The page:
The opportunities of PDR and the critical role of specialist finance
Shoaib Bux (pictured) is joint managing director at Arbuthnot Specialist Finance
As a specialist lender, the government’s decision to establish Permitted Development Rights (PDR) as a permanent scheme marked an exciting development for the UK’s property market.
This was a clear sign of government confidence in the scheme, which allows changes to be made to buildings without needing planning permission. But what does this mean for specialist finance, who stands to benefit and what can the industry gain?
The impact of PDR has been seen across the UK. Major cities ranging from Manchester to Cambridge have enjoyed a significant uptick in development activity as a result. Greater flexibility provided by reduced planning approval has helped to ease the shortage of housing space, whilst also empowering developers to convert loss making commercial space into profitable residential units.
Across the UK’s densely populated urban areas, space is at a premium and the conversion of vacant space is desperately needed. This also has significant implications for the UK’s housing shortage.
Between 2015 to 2018, over 42,000 housing units in England were converted from offices to residential units. We expect this momentum to continue, especially with the addition of hot-food takeaway restaurants to the PDR framework, creating further conversion opportunities.
Here, PDR has had a positive impact by creating more flexibility for developers to transform spaces.
There have also been positive changes for development timescales and costs. The PDR changes mean that developers can now achieve quicker timescales from identifying a site, through to the eventual completion of the conversion.
Similarly, developers can save costs with less onerous planning requirements.
For example, in the absence of planning permission, there’s no obligation to make a Section 106 contribution that is usually attached to mitigate the impact of new developments on the local community and infrastructure.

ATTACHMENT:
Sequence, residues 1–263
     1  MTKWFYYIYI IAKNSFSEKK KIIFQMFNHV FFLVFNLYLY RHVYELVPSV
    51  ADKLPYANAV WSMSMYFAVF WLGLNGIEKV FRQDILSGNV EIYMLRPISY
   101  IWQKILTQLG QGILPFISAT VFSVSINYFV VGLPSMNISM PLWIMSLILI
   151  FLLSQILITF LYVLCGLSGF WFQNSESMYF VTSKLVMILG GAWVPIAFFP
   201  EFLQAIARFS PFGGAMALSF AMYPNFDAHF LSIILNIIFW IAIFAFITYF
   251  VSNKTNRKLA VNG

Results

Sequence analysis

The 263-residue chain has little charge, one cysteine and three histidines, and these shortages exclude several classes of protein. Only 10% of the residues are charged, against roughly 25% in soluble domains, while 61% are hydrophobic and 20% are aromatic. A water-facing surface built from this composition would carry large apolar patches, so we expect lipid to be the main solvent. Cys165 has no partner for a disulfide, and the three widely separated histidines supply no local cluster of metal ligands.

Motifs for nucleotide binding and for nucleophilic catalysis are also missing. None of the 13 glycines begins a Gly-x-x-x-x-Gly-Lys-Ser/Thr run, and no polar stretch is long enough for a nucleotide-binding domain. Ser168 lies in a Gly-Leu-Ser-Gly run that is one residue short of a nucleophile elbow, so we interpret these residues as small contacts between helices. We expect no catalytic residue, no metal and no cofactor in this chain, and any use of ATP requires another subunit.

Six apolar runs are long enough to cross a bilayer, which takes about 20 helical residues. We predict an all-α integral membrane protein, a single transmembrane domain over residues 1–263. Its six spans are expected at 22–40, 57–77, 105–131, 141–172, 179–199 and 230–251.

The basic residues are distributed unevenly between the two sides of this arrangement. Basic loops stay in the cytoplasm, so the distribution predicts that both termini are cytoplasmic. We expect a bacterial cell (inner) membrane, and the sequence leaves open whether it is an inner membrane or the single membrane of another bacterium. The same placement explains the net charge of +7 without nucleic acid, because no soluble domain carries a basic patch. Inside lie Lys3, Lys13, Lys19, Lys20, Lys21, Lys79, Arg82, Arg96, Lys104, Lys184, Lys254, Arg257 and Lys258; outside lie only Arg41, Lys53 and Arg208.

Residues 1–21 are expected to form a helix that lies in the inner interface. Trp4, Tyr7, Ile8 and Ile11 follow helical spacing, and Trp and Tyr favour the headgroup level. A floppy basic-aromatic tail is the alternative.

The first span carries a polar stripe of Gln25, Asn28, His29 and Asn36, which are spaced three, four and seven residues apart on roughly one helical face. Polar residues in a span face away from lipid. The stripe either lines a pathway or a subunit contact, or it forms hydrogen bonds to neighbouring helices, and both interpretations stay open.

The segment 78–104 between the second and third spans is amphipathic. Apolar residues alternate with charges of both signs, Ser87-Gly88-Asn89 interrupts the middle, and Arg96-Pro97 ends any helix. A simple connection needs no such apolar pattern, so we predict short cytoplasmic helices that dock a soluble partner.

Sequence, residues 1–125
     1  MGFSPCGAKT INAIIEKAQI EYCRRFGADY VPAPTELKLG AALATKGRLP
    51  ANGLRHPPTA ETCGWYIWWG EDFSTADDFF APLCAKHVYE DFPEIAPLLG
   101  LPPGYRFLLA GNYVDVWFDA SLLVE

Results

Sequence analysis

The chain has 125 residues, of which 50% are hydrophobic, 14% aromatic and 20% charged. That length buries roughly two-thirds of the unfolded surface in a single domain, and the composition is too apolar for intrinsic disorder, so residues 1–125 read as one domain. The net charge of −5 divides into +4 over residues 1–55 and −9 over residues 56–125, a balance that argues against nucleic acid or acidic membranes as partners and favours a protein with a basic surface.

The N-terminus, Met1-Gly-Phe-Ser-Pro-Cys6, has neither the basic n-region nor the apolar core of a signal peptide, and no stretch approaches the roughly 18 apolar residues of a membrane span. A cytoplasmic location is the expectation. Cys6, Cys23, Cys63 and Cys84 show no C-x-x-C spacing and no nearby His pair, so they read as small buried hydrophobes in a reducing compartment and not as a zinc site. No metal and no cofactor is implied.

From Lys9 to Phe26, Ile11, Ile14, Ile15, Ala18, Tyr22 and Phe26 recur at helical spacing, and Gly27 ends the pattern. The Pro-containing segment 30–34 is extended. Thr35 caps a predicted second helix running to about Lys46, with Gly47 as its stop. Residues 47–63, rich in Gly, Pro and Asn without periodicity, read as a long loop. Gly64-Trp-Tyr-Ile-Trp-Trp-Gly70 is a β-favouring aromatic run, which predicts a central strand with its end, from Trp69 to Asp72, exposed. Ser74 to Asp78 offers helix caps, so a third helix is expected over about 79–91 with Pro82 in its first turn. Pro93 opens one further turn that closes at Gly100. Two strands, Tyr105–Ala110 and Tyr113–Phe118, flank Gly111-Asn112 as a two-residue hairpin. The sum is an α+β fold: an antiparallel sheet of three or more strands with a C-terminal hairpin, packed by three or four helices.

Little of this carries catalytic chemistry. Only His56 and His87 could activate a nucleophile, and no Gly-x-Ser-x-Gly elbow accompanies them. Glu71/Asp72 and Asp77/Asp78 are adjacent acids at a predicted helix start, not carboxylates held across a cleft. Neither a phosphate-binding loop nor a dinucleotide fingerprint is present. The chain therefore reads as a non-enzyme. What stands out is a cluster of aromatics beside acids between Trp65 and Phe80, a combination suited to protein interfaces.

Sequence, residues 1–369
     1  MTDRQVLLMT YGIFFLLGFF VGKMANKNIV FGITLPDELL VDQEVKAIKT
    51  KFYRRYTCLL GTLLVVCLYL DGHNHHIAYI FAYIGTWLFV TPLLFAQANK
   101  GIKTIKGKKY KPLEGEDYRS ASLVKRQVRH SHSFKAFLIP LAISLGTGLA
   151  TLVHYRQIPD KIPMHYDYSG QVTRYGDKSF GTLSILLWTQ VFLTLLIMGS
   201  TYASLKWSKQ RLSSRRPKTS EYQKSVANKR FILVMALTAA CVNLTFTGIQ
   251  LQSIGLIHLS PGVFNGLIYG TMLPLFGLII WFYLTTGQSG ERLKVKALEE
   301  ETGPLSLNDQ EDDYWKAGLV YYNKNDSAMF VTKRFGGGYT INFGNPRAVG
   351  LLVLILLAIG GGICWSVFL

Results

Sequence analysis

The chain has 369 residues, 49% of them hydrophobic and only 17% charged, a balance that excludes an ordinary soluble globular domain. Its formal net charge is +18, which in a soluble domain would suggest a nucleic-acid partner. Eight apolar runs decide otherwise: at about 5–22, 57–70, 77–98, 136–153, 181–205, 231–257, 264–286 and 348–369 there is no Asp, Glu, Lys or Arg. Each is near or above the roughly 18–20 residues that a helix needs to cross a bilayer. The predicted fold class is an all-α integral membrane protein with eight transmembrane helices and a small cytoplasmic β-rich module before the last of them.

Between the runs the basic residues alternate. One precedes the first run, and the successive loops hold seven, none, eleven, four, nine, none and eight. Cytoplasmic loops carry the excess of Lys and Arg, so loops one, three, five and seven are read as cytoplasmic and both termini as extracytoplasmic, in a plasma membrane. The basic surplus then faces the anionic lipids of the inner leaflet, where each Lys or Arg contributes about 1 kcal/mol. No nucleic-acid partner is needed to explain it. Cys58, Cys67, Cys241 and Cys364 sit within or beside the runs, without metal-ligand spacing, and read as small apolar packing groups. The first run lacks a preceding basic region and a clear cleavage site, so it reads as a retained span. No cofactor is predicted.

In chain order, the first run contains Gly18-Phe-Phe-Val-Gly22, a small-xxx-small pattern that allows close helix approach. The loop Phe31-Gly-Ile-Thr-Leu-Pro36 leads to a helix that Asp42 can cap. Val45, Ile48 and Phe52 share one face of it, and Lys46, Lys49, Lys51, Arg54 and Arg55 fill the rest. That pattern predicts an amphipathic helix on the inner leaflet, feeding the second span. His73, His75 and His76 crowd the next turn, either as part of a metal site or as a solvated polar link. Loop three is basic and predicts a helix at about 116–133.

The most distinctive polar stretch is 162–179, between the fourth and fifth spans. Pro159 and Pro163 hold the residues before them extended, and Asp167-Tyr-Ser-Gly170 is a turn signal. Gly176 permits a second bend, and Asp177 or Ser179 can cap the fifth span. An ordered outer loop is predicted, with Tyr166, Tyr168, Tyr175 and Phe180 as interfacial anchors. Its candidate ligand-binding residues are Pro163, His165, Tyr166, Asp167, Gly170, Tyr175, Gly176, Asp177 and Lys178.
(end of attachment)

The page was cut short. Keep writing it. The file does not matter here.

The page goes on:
However, this increased flexibility has sparked concerns about build quality, especially from local councils. The quantity over quality debate in property is well versed but it is important that PDR is used for the development of high quality and well utilised buildings.
So, what does this mean for specialist finance and how can specialist finance firms leverage these changes?
Specialist finance providers are critical in supporting developers of all sizes. Our industry is in a position to work closely with developers to assess the quality and design of various premises, in addition to helping to judge the appropriateness of the location of a converted unit, before granting funding.
Whilst specialist finance lenders are interested in the ‘worthiness’ of the potential loan, the criterion also addresses quality concerns such as those highlighted by some local councils.
In the current climate and with this PDR initiative, the specialist finance industry is becoming increasingly critical.
High street banks are becoming more selective in their real estate propositions, with specialist finance providers primed to support projects throughout the debt size.
In addition, Houses in Multiple Occupation (HMOs) conversions with rear extensions, large offices and residential conversions can be considered with costs fully funded, often with bridging finance solutions as a suitable product.
The newly established permanence of PDR and wider industry changes stands to create benefits for developers, with specialist lenders primed to help them capitalise on these opportunities.